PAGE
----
Should I buy or lease solar panels for the house? This is a question that generates some debate, and it’s even worse now that there are shady promises of cheap or free systems for anyone out there. Those siren songs are very misleading, and can lure a property owner into a very expensive and damaging mistake. The truth is that these offers are a lot less eye-catching once someone has read the extensive fine print hidden in a murky ownership contract.
Leaser beware, there is a reason companies are more than willing to assist the homeowner when it comes to acquiring panels for the property. The company makes the investment, the homeowner provides the physical location, and the company gets to benefit from all incentives and solar rebates.
What should be considered when wondering should I buy or lease solar panels?
Many properties become unsellable when equipped with leased systems. Mortgage companies simply do not want to finance the property, and in fact, many mortgage companies have clauses denying any system that is not owned by the resident. It is simply a bad investment regardless of the credit worthiness of the potential purchaser.
Why is this the case? The company providing the panels, in essence, owns the property around the system. Few homeowners would want to purchase a house without a roof. Banks and mortgage businesses refuse to finance a house without a roof, too.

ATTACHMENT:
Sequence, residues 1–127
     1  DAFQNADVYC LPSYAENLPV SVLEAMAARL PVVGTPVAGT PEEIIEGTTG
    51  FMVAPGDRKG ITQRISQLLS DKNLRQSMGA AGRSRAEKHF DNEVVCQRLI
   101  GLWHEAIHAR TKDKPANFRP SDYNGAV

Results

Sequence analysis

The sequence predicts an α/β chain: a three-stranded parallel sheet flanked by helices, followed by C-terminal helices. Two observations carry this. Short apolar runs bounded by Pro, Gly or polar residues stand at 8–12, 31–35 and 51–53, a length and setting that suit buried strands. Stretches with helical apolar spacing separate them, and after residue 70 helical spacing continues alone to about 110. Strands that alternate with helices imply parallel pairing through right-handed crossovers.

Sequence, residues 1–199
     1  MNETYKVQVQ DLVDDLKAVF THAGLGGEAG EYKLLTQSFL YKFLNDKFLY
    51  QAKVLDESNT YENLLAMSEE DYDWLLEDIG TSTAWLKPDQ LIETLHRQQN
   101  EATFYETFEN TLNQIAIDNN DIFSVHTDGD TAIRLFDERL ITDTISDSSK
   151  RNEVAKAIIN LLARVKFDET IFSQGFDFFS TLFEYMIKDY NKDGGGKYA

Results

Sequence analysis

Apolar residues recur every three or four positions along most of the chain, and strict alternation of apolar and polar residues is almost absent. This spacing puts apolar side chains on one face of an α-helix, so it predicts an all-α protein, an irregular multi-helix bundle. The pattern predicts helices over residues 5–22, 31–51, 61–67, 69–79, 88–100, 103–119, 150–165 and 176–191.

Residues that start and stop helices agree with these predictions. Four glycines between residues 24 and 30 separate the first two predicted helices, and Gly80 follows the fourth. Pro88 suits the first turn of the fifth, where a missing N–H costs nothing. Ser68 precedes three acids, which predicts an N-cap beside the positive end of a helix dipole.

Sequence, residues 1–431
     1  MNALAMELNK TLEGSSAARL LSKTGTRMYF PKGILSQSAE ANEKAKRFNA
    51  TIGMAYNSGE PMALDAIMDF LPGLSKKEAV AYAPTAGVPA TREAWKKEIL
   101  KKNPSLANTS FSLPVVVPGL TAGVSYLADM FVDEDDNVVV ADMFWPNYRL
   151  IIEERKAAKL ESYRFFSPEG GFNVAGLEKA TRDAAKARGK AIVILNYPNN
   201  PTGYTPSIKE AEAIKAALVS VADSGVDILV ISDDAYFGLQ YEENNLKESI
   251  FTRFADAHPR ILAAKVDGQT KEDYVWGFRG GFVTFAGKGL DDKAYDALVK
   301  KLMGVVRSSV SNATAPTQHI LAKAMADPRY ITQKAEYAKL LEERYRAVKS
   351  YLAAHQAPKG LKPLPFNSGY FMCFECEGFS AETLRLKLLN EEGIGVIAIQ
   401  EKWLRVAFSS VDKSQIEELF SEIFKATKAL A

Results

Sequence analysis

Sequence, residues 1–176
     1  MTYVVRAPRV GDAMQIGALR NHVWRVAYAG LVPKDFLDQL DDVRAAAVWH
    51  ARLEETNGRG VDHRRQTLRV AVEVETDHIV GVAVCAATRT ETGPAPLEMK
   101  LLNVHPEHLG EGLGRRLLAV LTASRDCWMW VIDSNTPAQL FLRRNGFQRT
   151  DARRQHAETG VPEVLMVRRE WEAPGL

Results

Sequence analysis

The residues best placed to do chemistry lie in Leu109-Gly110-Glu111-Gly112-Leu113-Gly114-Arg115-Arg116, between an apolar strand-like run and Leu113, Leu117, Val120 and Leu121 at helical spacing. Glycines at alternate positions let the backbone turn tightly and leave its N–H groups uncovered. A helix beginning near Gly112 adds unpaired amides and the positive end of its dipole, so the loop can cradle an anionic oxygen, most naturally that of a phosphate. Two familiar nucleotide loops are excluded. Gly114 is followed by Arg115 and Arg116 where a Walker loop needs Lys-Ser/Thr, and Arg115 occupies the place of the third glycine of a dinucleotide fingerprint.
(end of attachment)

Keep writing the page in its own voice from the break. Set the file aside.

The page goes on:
In addition, most contracts have a no buy-out clause meaning the property owner will never be able to claim the system. This protects someone alright, and it isn't the homeowner.
People generally like the idea of having a system because of the free power. Yet there is a payment associated with a “borrowed” system. The payment required may be for a set number of years or possibly indefinitely. There is never a guarantee that a leased system will lower utility bills like a purchased system can.
Should I buy or lease solar panels? Total ownership is always the ideal choice, and allows the purchaser complete control and freedom with all the advantages that come with it.
If the system is repossessed due to non-payment, the damage to the property can be extensive. Some organizations are more than ready to remove those panels for even one late payment, and there may be a need for repairs to the existing surface left damaged by the untimely removal.
Should the system be finally paid off in 10, 20, or 30 years, the total cost is hundreds times more than simply using traditional financing options.
Want to know, “Should I buy or lease solar panels?” There are advantages to both, but the disadvantage to renting a system far outweighs the potential benefits. If it is the only option, it may be wiser to save the money slowly and wait to purchase the panels outright.
More homeowners are asking the question, “Should I buy or lease solar panels?” True ownership is inexpensive and has far more benefits than non-ownership. Take the time to weigh the options and carefully read any contract before agreeing to a loaned system.